Contextual Work – What? Why? How?

Contextual Work points to ways of breaking down roadblocks between people. These barriers limit the healing and richness of truth, trust, and fair consideration.

For over 50 years, groups of people have collaborated to illuminate, simplify and clarify the complexities of Contextual Work.

Our Community in Dialogue bands together to help deconstruct the roadblocks between people. That is, to help unravel tangled relationships regardless of circumstance (e.g., family, work, school).

I thought it was just me against him. What? After my divorce I saw five different therapists. I never wanted to bring my former husband in. No one challenged me. I might have learned something if we were in the room together. Why? I thought it was just me against him. How? Everyone has a side that counts. What was his?

I thought my wife and I were a united frontWhat? My daughter and I are both musicians. My daughter gets in the car and turns on the jazz station. My wife, her stepmother, objects to loud music. I ask my daughter to turn it off. It doesn’t occur to me to back up my daughter over my wife. Why? That’s what my parents did. What is the alternative? My wife and I could not have a child of our own. Is she mourning? I try to compensate her loss. My daughter is 26 and my only child. And my wife gets testy when she doesn’t feel backed up. So I fall silent. How? Inclusion: Everyone deserves to be heard. There is relief to be found in each party’s voice.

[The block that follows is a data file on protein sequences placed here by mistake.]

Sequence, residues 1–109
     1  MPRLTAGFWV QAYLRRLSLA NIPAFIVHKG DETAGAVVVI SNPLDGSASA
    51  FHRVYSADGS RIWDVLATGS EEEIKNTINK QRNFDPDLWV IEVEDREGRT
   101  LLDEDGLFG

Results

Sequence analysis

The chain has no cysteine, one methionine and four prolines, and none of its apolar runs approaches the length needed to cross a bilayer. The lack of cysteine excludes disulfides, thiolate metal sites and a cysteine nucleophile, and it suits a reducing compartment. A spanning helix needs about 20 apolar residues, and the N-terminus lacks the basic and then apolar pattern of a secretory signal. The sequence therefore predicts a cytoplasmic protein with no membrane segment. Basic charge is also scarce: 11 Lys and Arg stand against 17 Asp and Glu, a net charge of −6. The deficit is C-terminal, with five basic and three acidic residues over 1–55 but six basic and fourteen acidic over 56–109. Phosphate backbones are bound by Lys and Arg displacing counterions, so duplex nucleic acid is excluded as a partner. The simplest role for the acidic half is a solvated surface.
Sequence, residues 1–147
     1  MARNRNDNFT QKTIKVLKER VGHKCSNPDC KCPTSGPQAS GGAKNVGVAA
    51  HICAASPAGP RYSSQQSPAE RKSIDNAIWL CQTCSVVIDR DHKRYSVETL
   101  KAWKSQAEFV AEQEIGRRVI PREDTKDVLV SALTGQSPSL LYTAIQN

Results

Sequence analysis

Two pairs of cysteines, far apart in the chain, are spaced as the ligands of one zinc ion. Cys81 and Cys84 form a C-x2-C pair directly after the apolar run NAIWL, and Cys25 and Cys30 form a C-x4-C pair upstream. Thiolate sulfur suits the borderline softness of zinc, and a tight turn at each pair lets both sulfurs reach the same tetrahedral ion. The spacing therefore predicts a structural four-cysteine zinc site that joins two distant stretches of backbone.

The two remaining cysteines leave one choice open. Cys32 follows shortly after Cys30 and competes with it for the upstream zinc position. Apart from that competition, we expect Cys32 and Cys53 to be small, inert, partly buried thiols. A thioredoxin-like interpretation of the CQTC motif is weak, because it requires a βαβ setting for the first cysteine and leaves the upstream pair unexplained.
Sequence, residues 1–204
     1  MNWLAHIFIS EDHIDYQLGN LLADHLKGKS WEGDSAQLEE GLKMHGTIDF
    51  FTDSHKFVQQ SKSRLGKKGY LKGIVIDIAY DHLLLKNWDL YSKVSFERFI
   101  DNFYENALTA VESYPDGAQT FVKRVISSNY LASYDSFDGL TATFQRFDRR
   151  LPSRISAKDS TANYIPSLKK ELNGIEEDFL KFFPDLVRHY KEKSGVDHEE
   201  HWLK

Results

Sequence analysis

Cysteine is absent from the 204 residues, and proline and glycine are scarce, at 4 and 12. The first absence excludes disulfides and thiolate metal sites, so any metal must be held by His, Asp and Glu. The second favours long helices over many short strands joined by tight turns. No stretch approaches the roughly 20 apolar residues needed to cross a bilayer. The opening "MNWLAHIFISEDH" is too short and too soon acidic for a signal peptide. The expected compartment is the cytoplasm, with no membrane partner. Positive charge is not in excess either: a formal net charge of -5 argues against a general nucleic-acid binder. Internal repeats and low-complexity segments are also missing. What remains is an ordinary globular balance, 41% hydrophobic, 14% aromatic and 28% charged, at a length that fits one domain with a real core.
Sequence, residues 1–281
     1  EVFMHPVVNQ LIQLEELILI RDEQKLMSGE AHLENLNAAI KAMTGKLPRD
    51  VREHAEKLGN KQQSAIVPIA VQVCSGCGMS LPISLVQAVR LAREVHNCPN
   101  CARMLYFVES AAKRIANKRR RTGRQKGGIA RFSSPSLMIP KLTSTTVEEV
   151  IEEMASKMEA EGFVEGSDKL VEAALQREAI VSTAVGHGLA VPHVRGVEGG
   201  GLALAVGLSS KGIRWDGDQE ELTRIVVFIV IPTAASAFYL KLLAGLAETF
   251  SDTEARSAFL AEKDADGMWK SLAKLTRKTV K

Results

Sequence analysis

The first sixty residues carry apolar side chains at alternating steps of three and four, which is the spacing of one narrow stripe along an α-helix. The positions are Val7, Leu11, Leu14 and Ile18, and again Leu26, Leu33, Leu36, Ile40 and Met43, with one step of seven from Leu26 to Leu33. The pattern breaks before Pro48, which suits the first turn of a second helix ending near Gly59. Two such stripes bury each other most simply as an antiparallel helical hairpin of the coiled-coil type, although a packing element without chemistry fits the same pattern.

Now the tables turnWhat? I had a heart attack. Cutting back work and earnings became necessary. Now I am in need financially. Both of my grown children say, “Dad if you need financial help, ask us. We just don’t want you to be stressed about not having enough.” I am very uncomfortable asking them. Why? I feel a failure as a father if I take from them. I am supposed to care for myself and for them. Then I am supposed to pass an inheritance to them. How? Consider their gain in giving to me. They are grateful and want to give back. I gave to them in their need as children and young adults. Now they want to give to me in my need. In this way receiving is giving. What do I owe? What do I deserve? What is fair?